Athens says “no” to legislation of fresh austerity measures

Athens says “no” to legislation of fresh austerity measures

The Greek government will never accept the legislation of new measures, spokesman Dimitris Tzanakopoulos said during a press briefing on Tuesday.

The statement follows reports suggesting Athens is preparing to make concessions to creditors in order to wrap up the review of its bailout program. Officials, however, are adamant that the Tsipras administration is not ready to approve fresh tax hikes (i.e. abolishing tax exemptions) or extend the so called fiscal cutter.

Tzanakopoulos said that the government aims at a decision during the January 26 Eurogroup that will pave the way for the conclusion of the Greek bailout program review as soon as possible.

He added that the government has met the vast majority of the program’s set targets while talks have stalled through no fault of Athens. Moreover, he estimated that the 3.5 primary surplus target for 2018 will be met but should be lowered in future to allow the economy to grow.

Tzanakopoulos reiterated the importance of wrapping up the program review which would allow Greece to participate in the European Central Bank’s quantitative easing (QE) program.

Meanwhile, Greek government sources argued this week that Wolfgang Schaeuble’s recent comments about Greece were made because he is in a difficult position ahead of the German election and they have no impact on negotiations between Athens and its creditors.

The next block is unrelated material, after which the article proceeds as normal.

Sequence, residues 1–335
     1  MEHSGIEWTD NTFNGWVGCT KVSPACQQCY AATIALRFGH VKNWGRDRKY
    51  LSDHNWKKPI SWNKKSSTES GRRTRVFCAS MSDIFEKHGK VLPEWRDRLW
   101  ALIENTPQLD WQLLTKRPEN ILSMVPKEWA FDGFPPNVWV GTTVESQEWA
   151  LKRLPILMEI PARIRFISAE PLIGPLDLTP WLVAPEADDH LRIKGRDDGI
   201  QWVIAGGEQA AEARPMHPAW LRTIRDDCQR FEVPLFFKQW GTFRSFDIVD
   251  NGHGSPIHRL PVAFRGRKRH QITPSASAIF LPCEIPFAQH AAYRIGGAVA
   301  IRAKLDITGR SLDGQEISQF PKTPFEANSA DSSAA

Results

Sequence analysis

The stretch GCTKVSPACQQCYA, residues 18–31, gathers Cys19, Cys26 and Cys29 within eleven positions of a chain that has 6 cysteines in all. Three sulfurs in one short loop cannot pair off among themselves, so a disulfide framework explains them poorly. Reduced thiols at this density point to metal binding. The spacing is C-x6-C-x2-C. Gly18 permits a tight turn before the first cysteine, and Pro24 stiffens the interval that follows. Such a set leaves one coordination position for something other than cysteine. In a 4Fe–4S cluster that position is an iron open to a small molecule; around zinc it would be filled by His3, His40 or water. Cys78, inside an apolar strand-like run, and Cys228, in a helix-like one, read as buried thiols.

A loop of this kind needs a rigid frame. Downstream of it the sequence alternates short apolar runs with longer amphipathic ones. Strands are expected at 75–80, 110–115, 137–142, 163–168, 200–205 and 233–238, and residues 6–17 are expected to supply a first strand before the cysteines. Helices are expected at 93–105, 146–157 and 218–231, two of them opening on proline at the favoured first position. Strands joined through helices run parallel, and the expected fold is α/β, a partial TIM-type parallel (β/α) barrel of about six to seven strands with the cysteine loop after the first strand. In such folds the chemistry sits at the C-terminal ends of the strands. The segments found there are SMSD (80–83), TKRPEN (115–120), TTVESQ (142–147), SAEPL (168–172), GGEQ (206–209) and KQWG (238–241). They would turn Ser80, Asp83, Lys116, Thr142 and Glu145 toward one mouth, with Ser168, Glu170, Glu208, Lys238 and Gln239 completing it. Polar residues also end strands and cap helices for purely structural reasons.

In comments to the Wall Street Journal, just a few days after suggesting in an interview with German media that a potential withdrawal of the International Monetary Fund could necessitate a renegotiation of Greece’s bailout, German Finance Minister Wolfgang Schaeuble advised against such a prospect.

The same sources suggest W. Schaeuble is unfolding his strategy to make sure Athens imposes extra austerity measures to guarantee the success of the bailout program. In fact, the German Finance Minister may also propose the Greek review is periodically approved by the German parliament, should the IMF exit the program.

Athens believes Schaeuble is appealing to German voters and that negotiations over the bailout review can still be wrapped up by late January or February.

A crucial milestone for the Greek government is the Eurogroup meeting of February 20, where it hopes to have concluded an agreement on the second review and a road-map for its fiscal strategy. On March 9 a meeting of the ECB’s board could potentially determine whether Greece can be part of the QE program.

The country has available funds that could see it last without needing a bailout loan tranche disbursement until the end of June 2017. However, Athens would prefer that review talks do not drag on beyond February, after which many EU member-states will enter election periods./IBNA